Downtown Station for CapMetro
Updated: Friday, 17 Apr 2009, 10:51 AM CDT
Published : Thursday, 16 Apr 2009, 3:10 PM CDT
AUSTIN (KXAN/LBJ/CLASS) - Capital Metro, the public transit provider owned by the City of Austin, is in trouble.
And its future, as well as mass transportation issues in general, have become a major issue in the mayoral and city council races this election.
The system has invested millions of dollars in MetroRail, a new commuter rail line, only to indefinitely postpone its opening - placing the project well over one year behind schedule.
At the same time, the organization's cash reserves, essential for any organization to have in case of unforeseen costs and debts, have been drained to dangerously low levels that cover only two months of Capital Metro's operation costs.
The problems are prompting current and hopeful city leaders to demand reforms.
"We must ... seek answers to the many questions surrounding Capital Metro and judgment errors that have plagued the agency for some time now," City Councilman Mike Martinez told the Austin Chronicle in its March 27, 2009 edition.
The MetroRail project's last official opening date, March 30th of this year, was already one year behind schedule. In mid-March, Capital Metro indefinitely postponed the opening of the MetroRail line from Leander to Downtown Austin due to numerous operation and personnel problems found in preliminary inspections.
Shortly after Capital Metro announced the postponement of MetroRail, Veolia Transportation, the subcontractor who actually hires the engineers for the MetroRail commuter trains, was declared under investigation by the Federal Railroad Administration for safety issues. In a Capital Metro press release distributed shortly after, CapMetro called for Veolia to replace their safety director. Capital Metro also announced that staff will continue testing system enhancements in response to the problems found during inspections, and make a report to the community on May 15, 2009 on the status of the MetroRail project along with an action plan.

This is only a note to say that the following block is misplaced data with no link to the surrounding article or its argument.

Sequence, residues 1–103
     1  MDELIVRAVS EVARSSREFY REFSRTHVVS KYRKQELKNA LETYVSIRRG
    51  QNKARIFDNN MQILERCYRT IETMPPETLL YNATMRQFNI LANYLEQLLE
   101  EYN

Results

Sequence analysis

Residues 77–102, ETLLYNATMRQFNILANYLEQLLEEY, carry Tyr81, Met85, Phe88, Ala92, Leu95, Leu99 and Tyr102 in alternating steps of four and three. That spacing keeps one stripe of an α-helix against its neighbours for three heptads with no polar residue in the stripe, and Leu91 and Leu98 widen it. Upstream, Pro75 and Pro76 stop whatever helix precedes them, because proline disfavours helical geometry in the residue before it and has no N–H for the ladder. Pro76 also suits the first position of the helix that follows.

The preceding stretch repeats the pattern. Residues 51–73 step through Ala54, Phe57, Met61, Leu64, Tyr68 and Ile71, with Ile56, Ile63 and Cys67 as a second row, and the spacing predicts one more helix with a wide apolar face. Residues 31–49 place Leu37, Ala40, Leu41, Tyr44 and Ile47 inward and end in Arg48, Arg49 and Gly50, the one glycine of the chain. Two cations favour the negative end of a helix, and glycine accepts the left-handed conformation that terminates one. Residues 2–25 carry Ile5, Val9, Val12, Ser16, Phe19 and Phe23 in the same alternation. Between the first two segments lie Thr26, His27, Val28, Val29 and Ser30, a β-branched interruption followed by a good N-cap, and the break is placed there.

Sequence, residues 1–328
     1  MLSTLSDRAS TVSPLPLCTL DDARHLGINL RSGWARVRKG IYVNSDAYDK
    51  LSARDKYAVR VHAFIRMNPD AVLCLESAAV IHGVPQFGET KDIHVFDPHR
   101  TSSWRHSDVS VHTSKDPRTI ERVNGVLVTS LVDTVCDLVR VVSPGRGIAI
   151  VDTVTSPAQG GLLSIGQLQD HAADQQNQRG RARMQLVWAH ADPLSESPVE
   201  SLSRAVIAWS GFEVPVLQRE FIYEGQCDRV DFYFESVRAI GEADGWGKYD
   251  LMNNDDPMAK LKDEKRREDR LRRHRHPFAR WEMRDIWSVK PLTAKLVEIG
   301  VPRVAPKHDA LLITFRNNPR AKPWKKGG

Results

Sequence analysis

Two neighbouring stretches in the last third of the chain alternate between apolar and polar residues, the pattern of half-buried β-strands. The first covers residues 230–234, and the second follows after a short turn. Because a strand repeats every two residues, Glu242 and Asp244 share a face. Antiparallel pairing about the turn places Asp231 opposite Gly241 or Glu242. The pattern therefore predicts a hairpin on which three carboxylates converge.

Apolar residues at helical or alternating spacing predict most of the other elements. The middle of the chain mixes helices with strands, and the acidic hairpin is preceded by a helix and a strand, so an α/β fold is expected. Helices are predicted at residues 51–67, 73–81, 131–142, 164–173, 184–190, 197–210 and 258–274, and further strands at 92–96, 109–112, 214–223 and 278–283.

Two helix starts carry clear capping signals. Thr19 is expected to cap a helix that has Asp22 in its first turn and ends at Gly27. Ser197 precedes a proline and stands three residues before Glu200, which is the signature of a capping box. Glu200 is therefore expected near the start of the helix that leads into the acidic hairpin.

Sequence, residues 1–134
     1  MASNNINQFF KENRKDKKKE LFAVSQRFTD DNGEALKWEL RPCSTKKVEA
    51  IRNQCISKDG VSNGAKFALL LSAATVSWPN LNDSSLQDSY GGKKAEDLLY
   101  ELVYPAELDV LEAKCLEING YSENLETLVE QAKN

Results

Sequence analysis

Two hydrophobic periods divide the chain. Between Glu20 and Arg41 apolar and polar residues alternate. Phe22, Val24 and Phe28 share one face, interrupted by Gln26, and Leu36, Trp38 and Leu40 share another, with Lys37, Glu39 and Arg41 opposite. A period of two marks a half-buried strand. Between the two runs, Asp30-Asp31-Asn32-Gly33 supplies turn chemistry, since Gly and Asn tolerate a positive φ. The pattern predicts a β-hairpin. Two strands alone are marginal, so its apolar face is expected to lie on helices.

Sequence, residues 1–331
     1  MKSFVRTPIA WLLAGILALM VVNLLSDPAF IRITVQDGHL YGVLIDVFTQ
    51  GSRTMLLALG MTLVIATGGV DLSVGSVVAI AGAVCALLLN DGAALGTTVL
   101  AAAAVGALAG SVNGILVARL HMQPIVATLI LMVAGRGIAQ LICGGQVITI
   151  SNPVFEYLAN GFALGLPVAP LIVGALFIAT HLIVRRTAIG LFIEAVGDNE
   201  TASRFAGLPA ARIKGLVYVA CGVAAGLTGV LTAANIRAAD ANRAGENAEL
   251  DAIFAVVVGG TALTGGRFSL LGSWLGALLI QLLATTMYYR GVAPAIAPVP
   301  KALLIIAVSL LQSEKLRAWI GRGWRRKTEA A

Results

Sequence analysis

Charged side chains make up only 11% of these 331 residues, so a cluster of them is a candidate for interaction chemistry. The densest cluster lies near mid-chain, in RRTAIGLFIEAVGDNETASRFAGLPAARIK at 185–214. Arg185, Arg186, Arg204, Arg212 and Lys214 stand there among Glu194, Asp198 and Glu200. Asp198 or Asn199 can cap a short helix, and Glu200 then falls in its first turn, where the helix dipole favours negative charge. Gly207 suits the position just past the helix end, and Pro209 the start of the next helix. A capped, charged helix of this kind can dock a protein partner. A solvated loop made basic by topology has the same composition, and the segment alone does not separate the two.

If that is not enough, serious financial problems are emerging. Capital Metro owes millions of dollars to the City of Austin but has drained its cash reserves because of the MetroRail and other expensive projects that have not repaid their costs.
Many say the future of Capital Metro is looking weaker than ever.
In his comments to the Chronicle, Councilman Martinez noted that Veolia was simply a "scapegoat" in the fiasco, and said: "Other folks are going to have to accept their responsibility as well. ... It really brings into question the competence of the organization."
In defense of Capital Metro, they do have a number of possible solutions to their ailments in the works.
First, Capital Metro recently solicited outside help on the MetroRail issues by bringing in experts from Massachusetts Bay Transportation Authority that operates a successful commuter rail system in the Boston Metro Area.
And second, a timely bill introduced by State Senator Kirk
Watson, D-Austin, could revamp the agency's oversight board and
accountability. The bill would add designated spots on the Capital
Metro board for two members with management and financial expertise
and would also require more financial oversight meaning that if the
agency begins to use large amounts of cash reserves, the public
will know about it faster.
Katy Cummins is a graduate student at The University of Texas at Austin's LBJ School of Public Affairs, specializing in Urban and State Affairs, with a focus on energy and transportation issues. She is part of the CLASS program at LBJ. She can be reached by email at email@example.com.